After a 36-year run, the Western Cable Show will make its curtain call this December, citing consolidation in the cable industry and economic pressure.
The show's organizer, California Cable Telecommunications Association, is looking to make this last Western Show a big one. Top MSO executives, including Time Warner Cable chief Glenn Britt, Cox Cable head Jim Robbins, Bresnan Communication's Bill Bresnan and Insight Communications Chairman Michael Willner have pledged to attend, the CCTA said. The show is slated for Dec. 2-5 at the Anaheim Convention Center in Anaheim, Calif.
And, with cable operators pledging to turn out, "Programmers and suppliers will follow," predicted CCTA Vice President of Federal Affairs Jerry Yanowitz.
The Western Show's death follows a quick but apparently incurable ailment. In recent years, programmers have defected en masse off the floor and attendance has declined. Last December's show attracted nearly 10,000, off from about 17,000 in 2001 and a massive 33,000 in 2000.
For years, the cable industry supported two major shows—the Western Show and The National Cable & Telecommunication Association's annual spring National Show. But, faced with increased financial pressure and consolidation, programmers and distributors have questioned the need for two big gatherings.
To its credit, the CCTA conjured up tactics to make its show more desirable and easy on corporate pocketbooks. In 2001, the association footed the bill for top MSO execs to attend the show. And, for exhibitors, it introduced cheaper, prefabricated booths and hotel suites for meetings as alternatives for expensive booths, which can run upwards of $100,000 to assemble and staff.
At last year's confab, the Hallmark Channel was one of a handful of programmers on the floor. The year before, the network went with a hotel suite.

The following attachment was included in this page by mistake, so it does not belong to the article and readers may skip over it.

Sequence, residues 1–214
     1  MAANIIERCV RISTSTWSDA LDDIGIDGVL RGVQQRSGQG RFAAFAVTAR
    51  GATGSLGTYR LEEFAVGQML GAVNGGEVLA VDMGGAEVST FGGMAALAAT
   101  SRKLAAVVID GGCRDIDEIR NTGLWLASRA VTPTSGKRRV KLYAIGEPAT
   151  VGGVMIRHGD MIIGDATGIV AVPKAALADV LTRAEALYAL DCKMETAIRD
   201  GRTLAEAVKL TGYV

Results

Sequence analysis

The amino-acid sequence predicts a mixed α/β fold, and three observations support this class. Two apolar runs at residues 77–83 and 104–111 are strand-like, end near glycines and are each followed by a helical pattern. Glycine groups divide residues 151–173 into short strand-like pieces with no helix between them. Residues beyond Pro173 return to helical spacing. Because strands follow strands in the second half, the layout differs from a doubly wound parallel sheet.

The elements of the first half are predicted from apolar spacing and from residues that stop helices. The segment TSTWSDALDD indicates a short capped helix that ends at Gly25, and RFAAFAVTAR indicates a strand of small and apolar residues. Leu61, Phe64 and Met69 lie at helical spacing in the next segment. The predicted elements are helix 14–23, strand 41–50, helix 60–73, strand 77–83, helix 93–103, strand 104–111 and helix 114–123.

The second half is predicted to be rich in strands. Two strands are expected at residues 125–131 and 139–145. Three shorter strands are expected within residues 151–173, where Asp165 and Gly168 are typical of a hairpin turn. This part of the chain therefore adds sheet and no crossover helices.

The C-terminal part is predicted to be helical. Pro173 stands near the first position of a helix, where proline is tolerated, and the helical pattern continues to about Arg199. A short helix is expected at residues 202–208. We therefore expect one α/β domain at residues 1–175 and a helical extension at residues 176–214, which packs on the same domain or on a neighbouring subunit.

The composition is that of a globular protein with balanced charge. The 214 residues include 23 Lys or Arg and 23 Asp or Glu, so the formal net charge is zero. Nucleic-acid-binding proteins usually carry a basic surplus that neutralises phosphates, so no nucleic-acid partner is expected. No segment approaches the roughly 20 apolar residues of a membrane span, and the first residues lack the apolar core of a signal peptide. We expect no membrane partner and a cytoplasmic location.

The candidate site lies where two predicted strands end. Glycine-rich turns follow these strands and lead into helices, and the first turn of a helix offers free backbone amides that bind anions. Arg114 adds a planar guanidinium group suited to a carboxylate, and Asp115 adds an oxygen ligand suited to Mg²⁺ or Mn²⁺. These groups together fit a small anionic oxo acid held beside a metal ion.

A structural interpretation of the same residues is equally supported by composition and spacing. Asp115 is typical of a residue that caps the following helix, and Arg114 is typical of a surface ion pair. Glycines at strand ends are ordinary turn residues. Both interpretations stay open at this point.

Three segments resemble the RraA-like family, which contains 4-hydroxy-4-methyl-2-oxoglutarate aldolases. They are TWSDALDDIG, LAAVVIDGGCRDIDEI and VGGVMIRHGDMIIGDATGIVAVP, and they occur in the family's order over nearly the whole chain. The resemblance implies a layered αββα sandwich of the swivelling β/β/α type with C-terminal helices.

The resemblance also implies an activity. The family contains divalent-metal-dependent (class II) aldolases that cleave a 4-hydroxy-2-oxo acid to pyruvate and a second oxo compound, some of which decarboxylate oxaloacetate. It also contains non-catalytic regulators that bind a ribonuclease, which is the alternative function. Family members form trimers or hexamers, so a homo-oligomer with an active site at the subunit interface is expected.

Now, with one more Western Show to go, Hallmark execs are evaluating the options. "The CCTA made a business decision," Hallmark Channel's distribution chief Ron Garfield said of this final show. "Our decision will be based on a business decision."
Without the Western Show, says Fox Cable's Executive Vice President of Affiliate Sales Lindsay Gardner, "people in the industry will have to find other ways to come together," like increased support for industry events like the Kaitz Foundation's annual dinner and Cable Positive.
The CCTA, which generated about 30% of its revenue from last year's show, also slashed its staff 40% last year. The organization says it will continue on with its lobbying efforts in California.
Before sealing the show's fate, the association had to get out of its commitments with the city of Anaheim, Calif. and the convention center there, which were to run through 2006.
One element of the Western Show, the CableLabs' CableNet exhibit of new technology, will be incorporated into the National Show.
For Bresnan Communications' chief, the end is bittersweet. He recalls attending his first California cable show in 1965 in San Diego, a few years before it was even called the Western Show.
"The show has had a tremendous impact on the growth of the industry," Bresnan said. "A lot of people enjoyed going, profited from it, and learned a lot. Businesses were helped by it."
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